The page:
Two Great Linux Applications for Aspiring Photographers

As a Linux user, you have plenty of photography applications to choose from: digiKam, GIMP, Rawstudio, Darktable, just to name a few. However, if you are just dipping your toes into the world of photography, you might want to keep things simple, and start with a less complex tool for managing and tweaking your photos. In this case, consider gThumb. This image viewer packs several powerful features which make it a perfect tool for managing photos and retouching them.

gThumb is a rather capable image viewer that allows you to manage, edit, and share photos

For starters, gThumb provides all essential tools for browsing images and performing basic operations, such as rotating and resizing graphics files, converting images to different formats, and tweaking EXIF metadata. gThumb also makes it easy to assign tags to photos. Right-click on the photo and choose the desired tag from the Tags menu. Choose the Other item to add new tags and assign them to the photo. To specify additional metadata, press the Comment button on the main toolbar, and fill out the available fields.

gThumb allows you to group photos into so-called catalogs (you can think of them as virtual folders), and the Organize button lets you generate catalogs based on several criteria, such as dates and tags. Naturally, gThumb lets you create custom catalogs and add photos to them manually. To create a new catalog, right-click on the Catalogs item in the navigation pane, choose the Create Catalog command, give the catalog a descriptive name and press Create. Add then photos to the catalog by right-clicking on them and choosing the catalog from the Add to Catalog menu. The ability to organize photos into catalogs is a powerful feature that can help you to keep tabs on your photos in the most efficient manner.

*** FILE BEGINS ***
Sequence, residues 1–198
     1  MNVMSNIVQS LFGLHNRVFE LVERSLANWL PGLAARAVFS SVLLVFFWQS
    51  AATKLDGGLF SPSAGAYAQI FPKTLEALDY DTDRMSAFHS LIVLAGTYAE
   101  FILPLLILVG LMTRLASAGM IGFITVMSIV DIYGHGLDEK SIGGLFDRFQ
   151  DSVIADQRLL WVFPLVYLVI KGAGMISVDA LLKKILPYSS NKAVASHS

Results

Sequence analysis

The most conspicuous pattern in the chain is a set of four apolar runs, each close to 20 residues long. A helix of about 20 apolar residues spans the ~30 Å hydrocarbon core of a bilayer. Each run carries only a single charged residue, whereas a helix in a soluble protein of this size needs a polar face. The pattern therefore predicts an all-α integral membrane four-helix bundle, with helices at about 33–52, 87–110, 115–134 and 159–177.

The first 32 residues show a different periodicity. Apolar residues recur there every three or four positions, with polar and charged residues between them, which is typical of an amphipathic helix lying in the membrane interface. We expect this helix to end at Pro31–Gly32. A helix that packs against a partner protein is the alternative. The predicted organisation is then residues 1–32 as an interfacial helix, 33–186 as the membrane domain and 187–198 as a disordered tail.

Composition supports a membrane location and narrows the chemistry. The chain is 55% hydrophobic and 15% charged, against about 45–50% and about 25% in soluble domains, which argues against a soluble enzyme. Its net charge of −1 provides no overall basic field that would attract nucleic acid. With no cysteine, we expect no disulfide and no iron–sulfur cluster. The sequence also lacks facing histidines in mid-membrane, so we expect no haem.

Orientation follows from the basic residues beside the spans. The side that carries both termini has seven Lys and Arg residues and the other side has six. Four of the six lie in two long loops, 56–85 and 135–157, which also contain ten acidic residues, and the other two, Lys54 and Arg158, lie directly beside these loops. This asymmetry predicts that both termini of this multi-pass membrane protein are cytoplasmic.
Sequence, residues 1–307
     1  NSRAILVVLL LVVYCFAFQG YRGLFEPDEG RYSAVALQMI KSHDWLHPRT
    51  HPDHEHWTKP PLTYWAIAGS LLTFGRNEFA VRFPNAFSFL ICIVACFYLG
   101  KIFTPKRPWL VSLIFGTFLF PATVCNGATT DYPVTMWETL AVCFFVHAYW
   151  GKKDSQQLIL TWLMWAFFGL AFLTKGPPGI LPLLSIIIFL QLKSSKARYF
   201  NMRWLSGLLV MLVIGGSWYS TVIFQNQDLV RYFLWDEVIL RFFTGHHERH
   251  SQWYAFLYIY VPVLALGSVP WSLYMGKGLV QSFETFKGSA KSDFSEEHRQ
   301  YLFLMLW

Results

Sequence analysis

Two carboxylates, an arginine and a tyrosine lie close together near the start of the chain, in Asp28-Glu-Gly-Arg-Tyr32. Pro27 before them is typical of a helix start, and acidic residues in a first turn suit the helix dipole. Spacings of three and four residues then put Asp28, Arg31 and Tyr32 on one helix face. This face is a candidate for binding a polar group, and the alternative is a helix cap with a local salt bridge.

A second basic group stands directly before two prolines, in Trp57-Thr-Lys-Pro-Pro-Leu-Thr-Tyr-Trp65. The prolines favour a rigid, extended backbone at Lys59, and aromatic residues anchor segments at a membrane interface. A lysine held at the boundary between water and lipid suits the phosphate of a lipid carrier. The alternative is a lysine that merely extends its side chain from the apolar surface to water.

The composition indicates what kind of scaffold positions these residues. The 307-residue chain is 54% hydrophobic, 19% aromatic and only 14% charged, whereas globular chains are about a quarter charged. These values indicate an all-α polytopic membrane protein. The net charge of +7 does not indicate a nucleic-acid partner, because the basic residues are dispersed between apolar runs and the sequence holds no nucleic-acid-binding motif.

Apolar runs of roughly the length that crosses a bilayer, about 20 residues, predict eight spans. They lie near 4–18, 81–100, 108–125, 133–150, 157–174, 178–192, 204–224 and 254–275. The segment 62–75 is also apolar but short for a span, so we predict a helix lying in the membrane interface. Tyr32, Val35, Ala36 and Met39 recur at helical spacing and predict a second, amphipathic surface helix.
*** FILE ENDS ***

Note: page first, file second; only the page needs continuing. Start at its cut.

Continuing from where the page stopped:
While gThumb won’t rival a dedicated photo editing application, it does pack a handful of basic editing tools. These tools are adequate for quickly tweaking basic settings like brightness, saturation, and contrast as well as adjusting white balance and fixing common problems. To access the available editing tools, double-click on a photo, and press the Edit file button in the top-right corner of the editing interface.

Want to share your photos with others? gThumb got you covered. The Share button on the main toolbar lets you upload photos to several popular photo sharing services, including Flickr, Picasaweb, and Photobucket.

These are just a few highlights, and gThumb offers a slew of other useful features which make it a competent tool for managing and tweaking photos (take a look at a list of gThumb’s features to get a better idea of its capabilities). So if you are looking for a fast, lean, and feature-rich image viewer, gThumb fits the bill rather nicely.